Daniel Dennett Discusses Secular Spirituality

Philosopher and Cognitive Scientist

Daniel C. Dennett is the author of Intuition Pumps and Other Tools for Thinking, Breaking the Spell, Freedom Evolves, and Darwin's Dangerous Idea and is University Professor and Austin B. Fletcher Professor of Philosophy, and Co-Director of the Center for Cognitive Studies at Tufts University. He lives with his wife in North Andover, Massachusetts, and has a daughter, a son, and a grandson. He was born in Boston in 1942, the son of a historian by the same name, and received his B.A. in philosophy from Harvard in 1963. He then went to Oxford to work with Gilbert Ryle, under whose supervision he completed the D.Phil. in philosophy in 1965. He taught at U.C. Irvine from 1965 to 1971, when he moved to Tufts, where he has taught ever since, aside from periods visiting at Harvard, Pittsburgh, Oxford, and the École Normale Supérieure in Paris.

His first book, Content and Consciousness, appeared in 1969, followed by Brainstorms (1978), Elbow Room (1984), The Intentional Stance (1987), Consciousness Explained (1991), Darwin's Dangerous Idea (1995), Kinds of Minds (1996), and Brainchildren: A Collection of Essays 1984-1996. Sweet Dreams: Philosophical Obstacles to a Science of Consciousness, was published in 2005. He co-edited The Mind's I with Douglas Hofstadter in 1981 and he is the author of over three hundred scholarly articles on various aspects on the mind, published in journals ranging from Artificial Intelligence and Behavioral and Brain Sciences to Poetics Today and the Journal of Aesthetics and Art Criticism.

Dennett gave the John Locke Lectures at Oxford in 1983, the Gavin David Young Lectures at Adelaide, Australia, in 1985, and the Tanner Lecture at Michigan in 1986, among many others. He has received two Guggenheim Fellowships, a Fulbright Fellowship, and a Fellowship at the Center for Advanced Studies in Behavioral Science. He was elected to the American Academy of Arts and Sciences in 1987.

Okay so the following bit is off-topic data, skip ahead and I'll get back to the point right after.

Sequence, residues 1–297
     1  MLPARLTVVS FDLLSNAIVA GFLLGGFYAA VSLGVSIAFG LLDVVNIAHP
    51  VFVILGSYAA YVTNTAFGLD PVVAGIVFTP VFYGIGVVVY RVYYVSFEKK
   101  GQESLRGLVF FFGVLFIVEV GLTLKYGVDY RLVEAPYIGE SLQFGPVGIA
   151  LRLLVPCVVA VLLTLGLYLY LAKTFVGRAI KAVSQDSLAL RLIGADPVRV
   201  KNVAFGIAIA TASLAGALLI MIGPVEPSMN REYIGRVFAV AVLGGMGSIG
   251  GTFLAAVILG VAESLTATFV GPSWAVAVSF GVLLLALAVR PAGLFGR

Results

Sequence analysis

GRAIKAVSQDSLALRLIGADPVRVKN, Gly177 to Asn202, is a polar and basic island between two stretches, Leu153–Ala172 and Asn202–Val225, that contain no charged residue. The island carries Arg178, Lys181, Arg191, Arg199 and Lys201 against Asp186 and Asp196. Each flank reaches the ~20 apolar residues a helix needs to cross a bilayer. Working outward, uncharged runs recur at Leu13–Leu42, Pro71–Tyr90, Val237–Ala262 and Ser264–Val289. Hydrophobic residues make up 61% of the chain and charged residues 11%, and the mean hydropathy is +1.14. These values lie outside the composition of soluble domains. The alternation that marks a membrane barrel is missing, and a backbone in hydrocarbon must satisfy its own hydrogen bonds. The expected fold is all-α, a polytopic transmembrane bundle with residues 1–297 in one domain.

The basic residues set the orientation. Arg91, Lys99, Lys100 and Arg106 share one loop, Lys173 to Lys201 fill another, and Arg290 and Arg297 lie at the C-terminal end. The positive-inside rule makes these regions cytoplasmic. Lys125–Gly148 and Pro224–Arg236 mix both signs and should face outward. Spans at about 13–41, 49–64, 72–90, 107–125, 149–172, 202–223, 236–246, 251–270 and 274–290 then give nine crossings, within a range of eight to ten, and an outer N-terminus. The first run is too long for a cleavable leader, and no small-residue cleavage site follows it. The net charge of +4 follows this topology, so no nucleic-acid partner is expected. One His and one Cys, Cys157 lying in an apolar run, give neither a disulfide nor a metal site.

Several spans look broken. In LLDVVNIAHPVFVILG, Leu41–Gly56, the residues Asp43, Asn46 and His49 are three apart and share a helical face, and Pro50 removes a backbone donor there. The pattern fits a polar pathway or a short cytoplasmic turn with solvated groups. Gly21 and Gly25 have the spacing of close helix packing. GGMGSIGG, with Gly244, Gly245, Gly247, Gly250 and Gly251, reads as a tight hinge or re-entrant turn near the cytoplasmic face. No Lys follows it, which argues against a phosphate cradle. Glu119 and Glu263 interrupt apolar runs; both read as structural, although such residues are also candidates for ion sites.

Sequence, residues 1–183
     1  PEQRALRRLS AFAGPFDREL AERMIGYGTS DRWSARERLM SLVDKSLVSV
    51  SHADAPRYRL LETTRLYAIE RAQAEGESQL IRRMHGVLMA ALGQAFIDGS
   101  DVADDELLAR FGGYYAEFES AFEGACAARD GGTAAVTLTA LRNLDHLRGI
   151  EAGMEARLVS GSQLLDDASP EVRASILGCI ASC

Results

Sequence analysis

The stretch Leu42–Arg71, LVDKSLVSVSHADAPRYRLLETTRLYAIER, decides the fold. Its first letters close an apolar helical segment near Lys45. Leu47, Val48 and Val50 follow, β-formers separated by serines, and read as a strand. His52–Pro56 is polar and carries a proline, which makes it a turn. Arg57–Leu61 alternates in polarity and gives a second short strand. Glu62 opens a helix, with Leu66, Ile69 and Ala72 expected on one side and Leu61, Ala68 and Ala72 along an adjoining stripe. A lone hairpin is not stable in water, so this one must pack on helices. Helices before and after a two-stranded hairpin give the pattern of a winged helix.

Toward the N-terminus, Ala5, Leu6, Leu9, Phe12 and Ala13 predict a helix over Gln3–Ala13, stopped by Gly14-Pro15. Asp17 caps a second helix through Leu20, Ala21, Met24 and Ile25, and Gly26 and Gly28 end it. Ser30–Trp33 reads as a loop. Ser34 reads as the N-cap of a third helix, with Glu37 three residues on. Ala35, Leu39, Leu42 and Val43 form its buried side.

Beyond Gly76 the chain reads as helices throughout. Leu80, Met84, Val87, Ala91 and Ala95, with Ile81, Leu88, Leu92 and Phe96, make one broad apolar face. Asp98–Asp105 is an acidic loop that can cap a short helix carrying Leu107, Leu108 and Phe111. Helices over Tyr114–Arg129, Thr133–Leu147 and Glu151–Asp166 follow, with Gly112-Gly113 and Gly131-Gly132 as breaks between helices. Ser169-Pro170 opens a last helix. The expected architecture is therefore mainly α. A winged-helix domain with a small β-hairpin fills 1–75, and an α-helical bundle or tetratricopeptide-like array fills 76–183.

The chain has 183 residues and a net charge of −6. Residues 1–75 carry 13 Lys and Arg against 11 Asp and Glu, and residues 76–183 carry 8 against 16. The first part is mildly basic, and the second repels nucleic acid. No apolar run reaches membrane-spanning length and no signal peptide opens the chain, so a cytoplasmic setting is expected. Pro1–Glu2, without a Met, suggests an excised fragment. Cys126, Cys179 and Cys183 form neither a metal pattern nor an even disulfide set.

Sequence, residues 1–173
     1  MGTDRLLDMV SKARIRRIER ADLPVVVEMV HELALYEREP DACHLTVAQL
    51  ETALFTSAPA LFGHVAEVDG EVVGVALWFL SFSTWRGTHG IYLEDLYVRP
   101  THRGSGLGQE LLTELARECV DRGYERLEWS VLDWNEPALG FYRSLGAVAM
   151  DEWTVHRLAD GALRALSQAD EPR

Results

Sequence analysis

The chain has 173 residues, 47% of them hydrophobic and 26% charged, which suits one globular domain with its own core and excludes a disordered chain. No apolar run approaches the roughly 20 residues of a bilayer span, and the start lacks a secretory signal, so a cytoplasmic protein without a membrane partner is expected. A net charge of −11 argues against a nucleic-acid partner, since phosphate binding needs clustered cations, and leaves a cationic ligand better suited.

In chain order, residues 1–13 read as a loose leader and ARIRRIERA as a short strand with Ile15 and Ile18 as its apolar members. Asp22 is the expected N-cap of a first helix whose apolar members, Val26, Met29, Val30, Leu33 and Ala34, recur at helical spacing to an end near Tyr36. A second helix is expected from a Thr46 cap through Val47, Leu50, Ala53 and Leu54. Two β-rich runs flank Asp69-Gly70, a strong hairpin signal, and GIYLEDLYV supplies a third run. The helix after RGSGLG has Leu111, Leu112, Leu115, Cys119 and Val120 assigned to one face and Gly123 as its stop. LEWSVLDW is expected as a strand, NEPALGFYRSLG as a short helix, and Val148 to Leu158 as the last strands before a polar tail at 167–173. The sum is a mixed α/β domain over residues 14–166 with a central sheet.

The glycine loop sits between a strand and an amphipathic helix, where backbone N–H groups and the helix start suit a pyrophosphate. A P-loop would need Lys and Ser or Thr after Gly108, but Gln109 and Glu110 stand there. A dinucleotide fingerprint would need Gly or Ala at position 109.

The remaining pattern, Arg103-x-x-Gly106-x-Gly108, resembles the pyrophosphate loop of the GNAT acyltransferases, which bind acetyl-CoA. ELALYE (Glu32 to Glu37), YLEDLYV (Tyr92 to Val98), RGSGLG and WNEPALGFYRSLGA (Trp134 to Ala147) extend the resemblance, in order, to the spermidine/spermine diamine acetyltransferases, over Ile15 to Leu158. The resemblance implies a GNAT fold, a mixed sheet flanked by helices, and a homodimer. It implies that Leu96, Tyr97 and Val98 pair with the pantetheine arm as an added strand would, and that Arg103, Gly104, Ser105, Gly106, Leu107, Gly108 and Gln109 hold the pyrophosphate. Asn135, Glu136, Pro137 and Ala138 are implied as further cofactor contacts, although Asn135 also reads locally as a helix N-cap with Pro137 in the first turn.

He was the Co-founder (in 1985) and Co-director of the Curricular Software Studio at Tufts, and has helped to design museum exhibits on computers for the Smithsonian Institution, the Museum of Science in Boston, and the Computer Museum in Boston.

  • Transcript

TRANSCRIPT

Question: Do you have spiritual moments?

Dennett:    Of course I have spiritual moments in a bland sense of that word.  I suppose but I think the right sense.  I have times when I am just transported with awe and joy and sense of peace and wonder at whether its music or arts or just a child playing or some other wonderful thing off of my sailboat, being amaze at the beauty of the ocean.  I think that people make a mistake of thinking that spirituality in that sense has anything to do with either religious doctrines or with immateriality or the supernatural.  The world is a stunningly interesting and glorious place and at every scale and the awe that one can experience because one understands something about how the parts are put together is I think far greater than the sort of awe of incomprehension.  Just I think, I think it’s, the universe is much more wonderful the more you know about how its put together. 

Question: Can meditation change your brain?

Dennett:    Of course we can change our brains through meditations.  You can change your brain through doing cross word puzzles or reading a novel or through meditating or through running.  Brains are stunningly adjustable plastic organs and everything you do changes your brain a little bit other wise you couldn’t leave a trace of what you do, you couldn’t have any memory.  So meditation is one actually very good way of changing your brain I think meditation play some of the roles that are played also by sleep of restoring balance, getting rid of tension and excess and generally calming the whole system down so that it can confront the world anew.  It’s a sort of refreshment.

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